Tuesday, January 26, 2010

Not So Fast—It Aint Over ‘Til It’s Over

Mark Twain’s comment that “The reports of my death are greatly exaggerated” can easily apply to health reform. Many media outlets, and health reform opponents, have proclaimed the “death” of, or at the very least, ”critically-ill” and on life-support, the Democrats’ and President Barack Obama’s health reform legislation.

The Economist magazine and Minority leader Kentucky Sen. Mitch McConnell, on NBC’s Meet the Press on January 24, said that the Democrats need to “Rip it up and start again.” Republican leaders claim gleefully that Scott Brown’s election to fill Democratic icon Sen. Edward Kennedy’s Senate seat for Massachusetts “will prove the death blow” for national health reform.

And The Chicago Tribune, a traditionally conservative daily newspaper, in a January 20 editorial wrote that “Had Obama taken a tougher stance toward his own party—shown a bit more audacity—…the health care plan might have focused on incremental, broadly popular [with whom?] changes that could have attracted significant Republican support. Instead, he now finds himself…in danger of losing the health care battle anyway.”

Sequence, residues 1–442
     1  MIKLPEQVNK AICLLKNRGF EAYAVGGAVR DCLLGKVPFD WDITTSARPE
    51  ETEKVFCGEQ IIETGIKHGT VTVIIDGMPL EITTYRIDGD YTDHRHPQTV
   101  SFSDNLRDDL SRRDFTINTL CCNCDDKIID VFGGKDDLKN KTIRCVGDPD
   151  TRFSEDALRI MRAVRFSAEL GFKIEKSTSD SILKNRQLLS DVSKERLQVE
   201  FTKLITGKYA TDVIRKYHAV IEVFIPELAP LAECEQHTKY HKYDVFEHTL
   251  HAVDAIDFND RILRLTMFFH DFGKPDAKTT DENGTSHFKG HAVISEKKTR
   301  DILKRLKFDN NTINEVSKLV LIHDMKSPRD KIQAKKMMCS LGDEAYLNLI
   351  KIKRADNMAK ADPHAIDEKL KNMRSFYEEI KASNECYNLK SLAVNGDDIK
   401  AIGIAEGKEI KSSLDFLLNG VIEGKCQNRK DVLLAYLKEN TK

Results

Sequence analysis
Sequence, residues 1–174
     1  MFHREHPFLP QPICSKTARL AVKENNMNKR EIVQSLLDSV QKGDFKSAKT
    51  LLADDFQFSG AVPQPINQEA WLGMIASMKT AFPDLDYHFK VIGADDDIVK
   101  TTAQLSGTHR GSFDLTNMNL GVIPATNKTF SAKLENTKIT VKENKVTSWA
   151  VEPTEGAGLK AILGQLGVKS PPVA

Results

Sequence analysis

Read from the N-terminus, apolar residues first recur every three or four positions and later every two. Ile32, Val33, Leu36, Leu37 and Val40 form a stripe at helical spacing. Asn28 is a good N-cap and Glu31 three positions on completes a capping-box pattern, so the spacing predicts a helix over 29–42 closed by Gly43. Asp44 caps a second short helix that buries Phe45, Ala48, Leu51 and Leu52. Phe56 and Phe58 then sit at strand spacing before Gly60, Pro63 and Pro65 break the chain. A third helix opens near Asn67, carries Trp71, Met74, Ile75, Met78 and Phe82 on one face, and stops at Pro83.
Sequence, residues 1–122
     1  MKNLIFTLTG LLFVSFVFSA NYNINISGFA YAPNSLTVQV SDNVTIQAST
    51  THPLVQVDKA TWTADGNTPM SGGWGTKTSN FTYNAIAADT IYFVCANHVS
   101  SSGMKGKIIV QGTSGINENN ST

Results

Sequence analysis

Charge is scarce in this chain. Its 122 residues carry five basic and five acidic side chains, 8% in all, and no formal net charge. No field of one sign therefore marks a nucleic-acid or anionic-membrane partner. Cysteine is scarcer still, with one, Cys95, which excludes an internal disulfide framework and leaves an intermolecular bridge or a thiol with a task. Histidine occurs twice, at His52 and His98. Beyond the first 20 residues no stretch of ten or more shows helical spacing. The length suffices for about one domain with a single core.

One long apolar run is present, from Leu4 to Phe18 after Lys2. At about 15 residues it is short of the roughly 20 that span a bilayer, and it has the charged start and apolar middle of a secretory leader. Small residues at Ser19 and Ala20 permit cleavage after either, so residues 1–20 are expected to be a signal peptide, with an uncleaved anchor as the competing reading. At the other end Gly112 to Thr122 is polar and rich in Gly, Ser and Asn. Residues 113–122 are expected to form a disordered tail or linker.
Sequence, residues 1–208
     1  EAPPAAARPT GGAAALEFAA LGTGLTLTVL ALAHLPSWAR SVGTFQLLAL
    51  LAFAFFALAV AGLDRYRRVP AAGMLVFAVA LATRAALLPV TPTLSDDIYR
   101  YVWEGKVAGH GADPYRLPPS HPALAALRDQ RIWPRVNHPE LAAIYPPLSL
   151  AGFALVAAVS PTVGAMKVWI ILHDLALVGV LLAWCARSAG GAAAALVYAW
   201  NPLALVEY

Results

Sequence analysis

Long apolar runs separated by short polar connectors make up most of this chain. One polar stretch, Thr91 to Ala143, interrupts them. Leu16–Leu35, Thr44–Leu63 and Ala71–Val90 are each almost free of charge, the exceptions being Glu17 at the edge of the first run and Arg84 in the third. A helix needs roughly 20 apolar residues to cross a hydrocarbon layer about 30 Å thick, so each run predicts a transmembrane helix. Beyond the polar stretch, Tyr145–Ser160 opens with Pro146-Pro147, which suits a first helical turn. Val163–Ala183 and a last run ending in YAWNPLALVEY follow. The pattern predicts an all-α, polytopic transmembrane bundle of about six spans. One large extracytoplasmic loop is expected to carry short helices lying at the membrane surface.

Even Michael Winship, senior writer for Bill Moyers’ “Journal,” bemoaned in a January 24 truthout op-ed the “collapse of health care reform as Democrats scurried for the exits,” in the aftermath of Scott Brown’s win in Massachusetts. The U.S. Chamber of Commerce was said to have bragged about all the dollars it poured into Mr. Brown’s campaign and that his victory "could pay immediate dividends by throwing into question the future of health care reform legislation pending in Congress."

But, as Mr. Winship writes, “this is no time to run and hide,” and, using labor activist Joe Hill’s final words, he urges: “Don't mourn, organize.” Progressives are doing just that. Don’t count health reform out just yet.


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